Hey, Scripting Guy! How Can I Use Windows PowerShell to Identify Inactive User Accounts in Active Directory Domain Services?


Hey, Scripting Guy! Question Hey, Scripting Guy! I need to use Windows PowerShell to identify inactive user accounts in Active Directory Domain Services (AD DS). I used to have a VBScript script that I would use, but I would like to be able to use Windows PowerShell 2.0 and the new Active Directory cmdlets that come with Windows Server 2008 R2. Is this something that can easily be accomplished?

— GJ

Hey, Scripting Guy! Answer Hello GJ,

Microsoft Scripting Guy Ed Wilson here. I believe the weather person made a mistake. In fact, I am nearly positive. The weather forecast for the entire week is exactly the same as yesterday’s weather forecast—hot, humid, and a chance of afternoon thundershowers. Dude, Craig and I could never get away with posting the same Hey, Scripting Guy! Blog post for seven days in a row. Where is the weather guesser’s manager? Where is the person in charge of quality control? Who monitors the incoming email for the department of redundancy department? They never make a mistake like this when the weather is mild and sunny with low humidity—it is not fair!

GJ, luckily we have air conditioning, and because it is too hot and humid to be outside in my woodworking shop, I decided to come in and check the email sent to scripter@microsoft.com. By using the Active Directory cmdlets that come with Windows Server 2008 R2, it is easy to query for information about user accounts. The Get-ADUser Windows PowerShell cmdlet is fairly intuitive and actually quite fun to use.

The first thing you will need to do is to import the ActiveDirectory module into the current Windows PowerShell session. To quickly obtain a listing of all the users in Active Directory, supply a wildcard character to the -Filter parameter of the Get-ADUser cmdlet, as shown in the following image.

Image of obtaining a list of all users in Active Directory

If you wish to change the base of the search operations, use the SearchBase parameter. The SearchBase parameter accepts an LDAP style of naming. The following command changes the search base to the hsg_TestOU:

Get-ADUser -Filter * -SearchBase “ou=hsg_TestOU,dc=nwtraders,dc=com”

When using the Get-ADUser cmdlet, only a certain subset of user properties is displayed (10 properties, to be exact). These properties will be displayed when you pipe the results to Format-List and use a wildcard character and the -Force parameter as shown here:

PS C:> Get-ADUser -Identity bob | format-list -Property * -Force 
DistinguishedName : CN=bob,OU=HSG_TestOU,DC=NWTraders,DC=Com 
Enabled : True 
GivenName : bob 
Name : bob 
ObjectClass : user 
ObjectGUID : 5cae3acf-f194-4e07-a466-789f9ad5c84a 
SamAccountName : bob 
SID : S-1-5-21-3746122405-834892460-3960030898-3601 
Surname : 
UserPrincipalName : bob@NWTraders.Com 
PropertyNames : {DistinguishedName, Enabled, GivenName, Name…} 
PropertyCount : 10 
PS C:>

Anyone who knows very much about Active Directory Domain Services (AD DS) knows there are certainly more than 10 properties associated with a user object. Does this mean we need to use the Get-ADObject cmdlet that was examined yesterday?

If I try to display a property that is not returned by the Get-ADUser cmdlet, such as the whenCreated property, an error is not returned. The value of the property is not returned. This is shown here:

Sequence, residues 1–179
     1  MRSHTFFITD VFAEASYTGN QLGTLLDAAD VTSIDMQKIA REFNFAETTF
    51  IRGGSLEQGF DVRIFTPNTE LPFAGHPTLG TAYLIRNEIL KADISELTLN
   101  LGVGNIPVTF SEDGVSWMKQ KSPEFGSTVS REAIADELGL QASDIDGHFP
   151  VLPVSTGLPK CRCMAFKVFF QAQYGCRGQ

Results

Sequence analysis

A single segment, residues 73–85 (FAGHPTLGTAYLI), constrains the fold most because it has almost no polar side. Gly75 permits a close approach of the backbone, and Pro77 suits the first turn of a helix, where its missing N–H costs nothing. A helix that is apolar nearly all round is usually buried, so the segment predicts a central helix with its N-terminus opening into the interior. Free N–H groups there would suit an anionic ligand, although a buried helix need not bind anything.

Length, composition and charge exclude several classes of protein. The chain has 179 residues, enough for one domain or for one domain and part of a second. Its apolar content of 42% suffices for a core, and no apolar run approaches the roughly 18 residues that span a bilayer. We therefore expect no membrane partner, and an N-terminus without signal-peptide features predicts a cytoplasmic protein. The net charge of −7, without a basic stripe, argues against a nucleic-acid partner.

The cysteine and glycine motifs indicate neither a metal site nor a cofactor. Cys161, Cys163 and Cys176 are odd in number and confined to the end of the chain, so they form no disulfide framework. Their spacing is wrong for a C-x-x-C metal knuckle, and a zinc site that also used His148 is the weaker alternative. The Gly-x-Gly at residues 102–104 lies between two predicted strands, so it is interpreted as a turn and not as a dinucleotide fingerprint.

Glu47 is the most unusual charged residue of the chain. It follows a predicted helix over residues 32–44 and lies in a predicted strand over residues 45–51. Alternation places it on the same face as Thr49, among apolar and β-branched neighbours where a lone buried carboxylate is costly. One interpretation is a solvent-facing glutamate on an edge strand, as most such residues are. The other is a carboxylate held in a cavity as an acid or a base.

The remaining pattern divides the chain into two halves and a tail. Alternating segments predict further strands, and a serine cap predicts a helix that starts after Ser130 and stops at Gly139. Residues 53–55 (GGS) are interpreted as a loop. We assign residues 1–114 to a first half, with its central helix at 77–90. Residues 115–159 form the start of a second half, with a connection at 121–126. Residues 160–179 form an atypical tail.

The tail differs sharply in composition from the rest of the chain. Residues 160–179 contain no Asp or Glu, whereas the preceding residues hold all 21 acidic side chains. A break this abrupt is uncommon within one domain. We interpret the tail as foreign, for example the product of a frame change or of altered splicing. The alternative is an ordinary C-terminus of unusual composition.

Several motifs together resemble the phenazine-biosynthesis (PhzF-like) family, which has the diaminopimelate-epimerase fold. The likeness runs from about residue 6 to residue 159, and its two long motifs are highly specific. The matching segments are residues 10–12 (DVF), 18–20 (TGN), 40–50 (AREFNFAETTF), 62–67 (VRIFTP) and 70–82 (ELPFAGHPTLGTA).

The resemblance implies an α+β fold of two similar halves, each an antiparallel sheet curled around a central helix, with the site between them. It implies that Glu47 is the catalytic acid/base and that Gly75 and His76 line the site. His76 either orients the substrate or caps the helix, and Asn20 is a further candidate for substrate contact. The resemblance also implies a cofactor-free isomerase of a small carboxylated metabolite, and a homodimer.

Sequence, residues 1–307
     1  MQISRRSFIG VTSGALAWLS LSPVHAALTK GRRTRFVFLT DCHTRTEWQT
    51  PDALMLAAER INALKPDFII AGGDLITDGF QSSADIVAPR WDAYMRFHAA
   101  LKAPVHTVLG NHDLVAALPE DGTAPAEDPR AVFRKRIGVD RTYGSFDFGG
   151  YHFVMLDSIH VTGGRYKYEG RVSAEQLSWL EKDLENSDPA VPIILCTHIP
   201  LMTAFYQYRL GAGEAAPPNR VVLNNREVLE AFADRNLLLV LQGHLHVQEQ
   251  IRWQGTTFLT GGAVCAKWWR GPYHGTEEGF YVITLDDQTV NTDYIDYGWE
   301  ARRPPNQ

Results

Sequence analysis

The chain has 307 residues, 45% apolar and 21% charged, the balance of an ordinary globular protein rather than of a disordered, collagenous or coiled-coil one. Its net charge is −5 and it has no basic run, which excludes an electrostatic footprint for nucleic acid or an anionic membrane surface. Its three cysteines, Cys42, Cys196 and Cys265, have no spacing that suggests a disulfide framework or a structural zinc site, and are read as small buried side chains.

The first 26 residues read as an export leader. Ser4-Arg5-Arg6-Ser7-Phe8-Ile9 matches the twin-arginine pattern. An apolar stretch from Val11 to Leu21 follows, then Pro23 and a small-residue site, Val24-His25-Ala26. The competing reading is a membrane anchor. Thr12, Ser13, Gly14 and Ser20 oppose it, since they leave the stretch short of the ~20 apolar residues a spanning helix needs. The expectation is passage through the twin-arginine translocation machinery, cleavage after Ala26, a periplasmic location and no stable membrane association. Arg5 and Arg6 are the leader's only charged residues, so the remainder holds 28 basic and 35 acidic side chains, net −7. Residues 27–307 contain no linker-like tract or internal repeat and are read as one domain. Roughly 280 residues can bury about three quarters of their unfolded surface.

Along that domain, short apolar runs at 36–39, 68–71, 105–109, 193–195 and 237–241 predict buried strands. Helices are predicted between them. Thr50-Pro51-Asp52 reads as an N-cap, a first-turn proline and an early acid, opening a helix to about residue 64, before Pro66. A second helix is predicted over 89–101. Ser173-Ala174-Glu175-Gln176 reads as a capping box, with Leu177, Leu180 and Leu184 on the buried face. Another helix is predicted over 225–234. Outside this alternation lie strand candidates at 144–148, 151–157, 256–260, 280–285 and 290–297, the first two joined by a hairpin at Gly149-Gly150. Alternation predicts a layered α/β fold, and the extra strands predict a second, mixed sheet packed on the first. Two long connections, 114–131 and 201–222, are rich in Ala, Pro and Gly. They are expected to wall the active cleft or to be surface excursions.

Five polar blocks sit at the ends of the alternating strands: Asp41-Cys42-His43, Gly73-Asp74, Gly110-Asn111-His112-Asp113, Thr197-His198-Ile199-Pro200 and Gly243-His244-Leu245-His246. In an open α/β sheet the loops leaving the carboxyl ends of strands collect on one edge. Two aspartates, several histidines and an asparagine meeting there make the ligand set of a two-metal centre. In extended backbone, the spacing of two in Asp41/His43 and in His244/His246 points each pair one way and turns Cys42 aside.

PS C:> Get-ADUser -Identity bob | Format-List -Property name, whenCreated 
name : bob 
whencreated :

I used the whenCreated property for the user object because I know that it has a value. But suppose I was looking for users that had never logged onto the system? Suppose I used a query such as the one shown here, and I was going to base a delete operation upon the results. The results could be disastrous.


PS C:> Get-ADUser -Filter * | Format-Table -Property name, LastLogonDate 
name LastLogonDate 
—- ————- 
<results truncated>

To retrieve a property that is not a member of the default 10 properties, you must select it by using the –property parameter. The reason that Get-ADUser does not automatically return all properties and their associated values is because of performance reasons on large networks—there is no reason to return a large dataset when a small dataset will perfectly suffice. To display the name and the whenCreated date for the user named “bob,” the following command can be used:


PS C:> Get-ADUser -Identity bob -Properties whencreated | Format-List -Property name 
, whencreated 
name : bob 
whencreated : 6/11/2010 8:19:52 AM 
PS C:>

To retrieve all of the properties associated with a user object, use the wildcard character “*” for the Properties parameter value. You would use a command similar to the one shown here:


Get-ADUser -Identity bob -Properties

The results of this command are shown in the following image.

Image of results of command

To produce a listing of all the users and their last logon date, you can use a command similar to the one shown here. This is a single command that might wrap the line, depending on your screen resolution:


Get-ADUser -Filter * -Properties “LastLogonDate” | 

sort-object -property lastlogondate -descending | 

Format-Table -property name, lastlogondate -AutoSize

The output produces a nice table that is shown in the following image.

Image of table produced

GJ, that is all there is to using Active Directory cmdlets to work with user objects. Active Directory Week will continue tomorrow when we will talk about working with computer objects.

We invite you to follow us on Twitter or Facebook. If you have any questions, send email to us at scripter@microsoft.com, or post your questions on the Official Scripting Guys Forum.. See you tomorrow. Until then, peace.


Ed Wilson and Craig Liebendorfer, Scripting Guys